The Escape bivvy has higher quality breathable materials, so that it won’t build up moisture inside the bivvy like the cheaper Mylar bivvys do. If you want to explore the top options for blankets and bivvys, I reviewed them over at Trek Warrior.

Here’s a summary of the gear we just discussed:

  1. Mylar thermal blanket (everyone should carry one of these)
  1. SOL Escape bivvy (recommended for light travelers)
  1. Shelter gear of military poncho, tent stakes, and paracord (recommended for shelter)






 Having a shelter is a great start to controlling your body temperature, but what do you do when its colder and a shelter just isn’t enough? That’s where the ability to make fire comes in. Not only is fire great for providing heat, but you can also signal for help with it. It turns out that the gear you need isn’t too cumbersome for fire. However, making a fire out in the bush is far different than the ones that you usually make in your fireplace or on your grill at home. In fact, if you have never tried to start a fire in nature without the assistance of lighter fluid, you are in for a big surprise. I highly recommend that you try it in your back yard with only the essentials that you would have in nature to see how challenging it can be.

As for the gear that you need, you should consider having at least two sources of fire making ability. I personally prefer a classic lighter, which is useful in the majority of cases. However, in windy environments, you will find that your lighter usually won’t stay lit. As a fallback, I always carry the old fashioned ferro rod and striker.

When it comes to lighters, the common plastic BiCs work great. I recommend that you don’t use a Zappo lighter, since they are not sealed and are notorious for the lighter fluid evaporating out of them within weeks. It’s best to have a lighter in your gear so that you don’t forget it, but you also shouldn’t have to worry about keeping it full of fluid.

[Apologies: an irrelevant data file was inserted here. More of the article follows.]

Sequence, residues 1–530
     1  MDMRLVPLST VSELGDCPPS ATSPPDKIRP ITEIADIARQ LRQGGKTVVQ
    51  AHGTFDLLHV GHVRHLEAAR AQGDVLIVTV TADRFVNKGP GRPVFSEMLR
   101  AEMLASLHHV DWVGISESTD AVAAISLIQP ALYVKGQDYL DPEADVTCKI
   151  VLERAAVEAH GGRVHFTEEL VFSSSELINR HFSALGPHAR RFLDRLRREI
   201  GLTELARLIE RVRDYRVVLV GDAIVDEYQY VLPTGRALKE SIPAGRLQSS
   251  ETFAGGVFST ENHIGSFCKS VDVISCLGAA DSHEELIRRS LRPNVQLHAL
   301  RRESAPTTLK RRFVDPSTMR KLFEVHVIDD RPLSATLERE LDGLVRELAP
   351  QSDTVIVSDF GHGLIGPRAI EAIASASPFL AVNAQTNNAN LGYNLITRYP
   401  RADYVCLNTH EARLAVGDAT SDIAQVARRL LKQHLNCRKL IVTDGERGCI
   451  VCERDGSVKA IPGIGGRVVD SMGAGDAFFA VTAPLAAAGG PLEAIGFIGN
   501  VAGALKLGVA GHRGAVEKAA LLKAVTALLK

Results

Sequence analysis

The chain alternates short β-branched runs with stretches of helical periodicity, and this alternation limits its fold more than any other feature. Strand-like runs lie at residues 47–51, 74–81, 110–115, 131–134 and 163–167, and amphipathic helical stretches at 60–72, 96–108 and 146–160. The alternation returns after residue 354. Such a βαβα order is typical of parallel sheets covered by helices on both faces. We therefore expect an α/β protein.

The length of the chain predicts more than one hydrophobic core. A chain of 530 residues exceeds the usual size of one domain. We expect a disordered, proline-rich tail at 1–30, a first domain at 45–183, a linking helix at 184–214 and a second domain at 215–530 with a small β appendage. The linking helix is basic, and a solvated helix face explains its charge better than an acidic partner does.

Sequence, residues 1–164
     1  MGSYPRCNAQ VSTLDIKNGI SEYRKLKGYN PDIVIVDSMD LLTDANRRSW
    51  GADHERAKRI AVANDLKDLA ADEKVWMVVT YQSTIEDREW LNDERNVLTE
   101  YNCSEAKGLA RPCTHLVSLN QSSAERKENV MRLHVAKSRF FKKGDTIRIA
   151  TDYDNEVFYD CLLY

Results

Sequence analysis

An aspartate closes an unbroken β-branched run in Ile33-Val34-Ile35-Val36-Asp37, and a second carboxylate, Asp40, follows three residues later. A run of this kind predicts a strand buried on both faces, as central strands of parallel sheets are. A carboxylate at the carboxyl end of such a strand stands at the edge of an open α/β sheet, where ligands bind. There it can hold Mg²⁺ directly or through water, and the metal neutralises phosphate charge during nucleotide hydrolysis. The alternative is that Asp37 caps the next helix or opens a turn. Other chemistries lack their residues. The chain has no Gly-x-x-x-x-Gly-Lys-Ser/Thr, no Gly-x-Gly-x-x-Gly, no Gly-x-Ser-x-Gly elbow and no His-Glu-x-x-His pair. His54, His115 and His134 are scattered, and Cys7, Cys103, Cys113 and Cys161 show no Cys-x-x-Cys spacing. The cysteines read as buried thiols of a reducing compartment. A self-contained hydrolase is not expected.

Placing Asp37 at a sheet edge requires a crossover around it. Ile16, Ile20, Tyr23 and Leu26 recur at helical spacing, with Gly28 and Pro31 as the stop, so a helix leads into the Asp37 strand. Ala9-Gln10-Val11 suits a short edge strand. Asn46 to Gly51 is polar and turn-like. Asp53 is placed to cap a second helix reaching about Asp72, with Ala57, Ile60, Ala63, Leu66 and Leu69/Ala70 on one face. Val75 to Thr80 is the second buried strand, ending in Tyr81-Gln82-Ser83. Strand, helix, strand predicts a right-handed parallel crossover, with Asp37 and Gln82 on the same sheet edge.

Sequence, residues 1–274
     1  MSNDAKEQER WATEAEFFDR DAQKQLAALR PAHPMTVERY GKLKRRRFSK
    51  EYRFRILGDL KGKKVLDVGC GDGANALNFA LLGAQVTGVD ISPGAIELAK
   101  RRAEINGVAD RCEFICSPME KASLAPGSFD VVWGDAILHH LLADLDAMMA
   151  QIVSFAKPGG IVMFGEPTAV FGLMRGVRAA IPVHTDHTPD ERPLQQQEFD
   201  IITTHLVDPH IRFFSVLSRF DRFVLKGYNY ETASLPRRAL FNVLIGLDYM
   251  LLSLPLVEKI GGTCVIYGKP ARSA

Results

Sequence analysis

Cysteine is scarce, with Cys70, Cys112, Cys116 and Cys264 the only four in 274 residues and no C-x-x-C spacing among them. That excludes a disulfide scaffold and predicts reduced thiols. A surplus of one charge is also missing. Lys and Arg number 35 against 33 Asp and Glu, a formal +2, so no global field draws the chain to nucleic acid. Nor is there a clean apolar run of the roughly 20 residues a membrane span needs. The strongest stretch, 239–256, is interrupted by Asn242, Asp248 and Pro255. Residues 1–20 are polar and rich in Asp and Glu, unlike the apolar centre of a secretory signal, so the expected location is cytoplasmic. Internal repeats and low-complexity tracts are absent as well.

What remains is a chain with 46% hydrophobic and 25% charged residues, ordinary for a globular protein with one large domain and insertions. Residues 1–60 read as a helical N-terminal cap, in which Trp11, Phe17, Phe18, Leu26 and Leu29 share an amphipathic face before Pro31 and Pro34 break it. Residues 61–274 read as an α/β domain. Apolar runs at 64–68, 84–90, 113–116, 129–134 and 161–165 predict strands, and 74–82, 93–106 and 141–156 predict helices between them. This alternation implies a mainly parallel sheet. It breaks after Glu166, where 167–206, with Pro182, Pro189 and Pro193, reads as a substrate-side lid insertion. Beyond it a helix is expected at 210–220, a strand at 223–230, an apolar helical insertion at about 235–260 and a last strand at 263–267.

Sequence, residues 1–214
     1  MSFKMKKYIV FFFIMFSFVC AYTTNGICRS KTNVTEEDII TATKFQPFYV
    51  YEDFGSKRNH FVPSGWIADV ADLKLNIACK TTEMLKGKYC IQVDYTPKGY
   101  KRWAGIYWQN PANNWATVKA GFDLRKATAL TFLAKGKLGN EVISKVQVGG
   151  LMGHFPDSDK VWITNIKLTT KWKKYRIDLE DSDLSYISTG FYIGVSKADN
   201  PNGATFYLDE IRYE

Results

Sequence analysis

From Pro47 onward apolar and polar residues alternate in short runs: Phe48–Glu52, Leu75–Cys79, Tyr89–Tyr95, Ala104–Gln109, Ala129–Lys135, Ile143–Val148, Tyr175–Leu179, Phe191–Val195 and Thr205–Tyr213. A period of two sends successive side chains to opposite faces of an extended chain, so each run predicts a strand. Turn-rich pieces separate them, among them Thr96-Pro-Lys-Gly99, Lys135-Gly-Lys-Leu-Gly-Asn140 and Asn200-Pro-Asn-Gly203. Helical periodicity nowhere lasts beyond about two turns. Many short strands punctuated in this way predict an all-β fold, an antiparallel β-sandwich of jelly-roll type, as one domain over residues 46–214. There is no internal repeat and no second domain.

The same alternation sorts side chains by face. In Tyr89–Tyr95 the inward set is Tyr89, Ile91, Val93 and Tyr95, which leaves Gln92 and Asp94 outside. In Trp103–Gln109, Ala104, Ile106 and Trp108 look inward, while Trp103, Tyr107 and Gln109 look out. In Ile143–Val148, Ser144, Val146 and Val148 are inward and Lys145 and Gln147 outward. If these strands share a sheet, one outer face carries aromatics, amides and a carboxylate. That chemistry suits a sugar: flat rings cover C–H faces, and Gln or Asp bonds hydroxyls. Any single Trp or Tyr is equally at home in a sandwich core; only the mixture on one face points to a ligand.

A great alternative to a BiC is something called a peanut lighter. These lighters are small capsules that have a full metal container that is sealed by a rubber o-ring in the center, keeping the fluid from evaporating out of them. I’ve tested mine and after two years of storage, it still had plenty of lighter fluid in it. Many of them have a stainless steel casing and are strong enough to survive being run over by a car, which is what makes them so great.

In terms of ferro rods and strikers, a great economic option is the Gerber Bear Grylls fire starter. It’s an all in one rod and striker that comes as a kit. I’ve started countless fires with this rig, as it throws showers of great sparks. With a lighter and ferro rod/striker in combination, you should be well prepared for getting a fire up and going.

Like we discussed earlier, a fire out in nature is not easy to start. You have to remember that your fire should be broken down into three stages: tinder, kindling, and fuel. Tinder is material that easily catches a spark or flame and ignites but doesn’t burn long. Kindling is thicker material that is harder to ignite but burns for a decent amount of time, like dry grass and small twigs. Fuel is your regular branches and logs that will burn a long time, but is hard to ignite.

The goal is to ignite your tinder first and use it to start your kindling. Once your kindling catches, you then use that to start your fuel. There are several different fire structures that you can use that makes this process run a lot more smoothly. Make sure and educate yourself on these, and then get out in your yard and practice it. Once you get the hang of it, you’ll be a pro.

You should consider carrying tinder on you, since it’s hard to find in nature. The cheapest option here is the dryer lint that you clean out of your dryer. It catches sparks easily and ignites fast with a decent burn time. It’s a good idea to put some in a waterproof zip lock bag and keep it in your hiking gear.

Here’s a summary of the gear we just discussed:

  1. Traditional lighter (BiC plastic lighter is great, or consider a peanut lighter)
  1. Ferro rod and striker (recommend Gerber Bear Grylls fire starter)
  1. Tinder (recommend some dryer lint in a waterproof bag)Fire starting equipment

About the Author

Tom Sheppard is a survival enthusiast and spends a lot of his free time in the woods of North Texas. He often tests out outdoor gear and enjoys sharing his findings. Tom often writes on survival topics over at Trek Warrior.